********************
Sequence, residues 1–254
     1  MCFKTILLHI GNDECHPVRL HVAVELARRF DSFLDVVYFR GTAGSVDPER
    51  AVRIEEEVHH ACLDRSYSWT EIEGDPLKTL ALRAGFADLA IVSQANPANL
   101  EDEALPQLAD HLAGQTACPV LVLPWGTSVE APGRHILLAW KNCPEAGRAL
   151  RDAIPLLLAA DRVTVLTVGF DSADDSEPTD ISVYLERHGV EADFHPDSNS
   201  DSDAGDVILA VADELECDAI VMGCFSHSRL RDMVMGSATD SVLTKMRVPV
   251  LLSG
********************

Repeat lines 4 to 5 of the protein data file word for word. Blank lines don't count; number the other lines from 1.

   101  EDEALPQLAD HLAGQTACPV LVLPWGTSVE APGRHILLAW KNCPEAGRAL
   151  RDAIPLLLAA DRVTVLTVGF DSADDSEPTD ISVYLERHGV EADFHPDSNS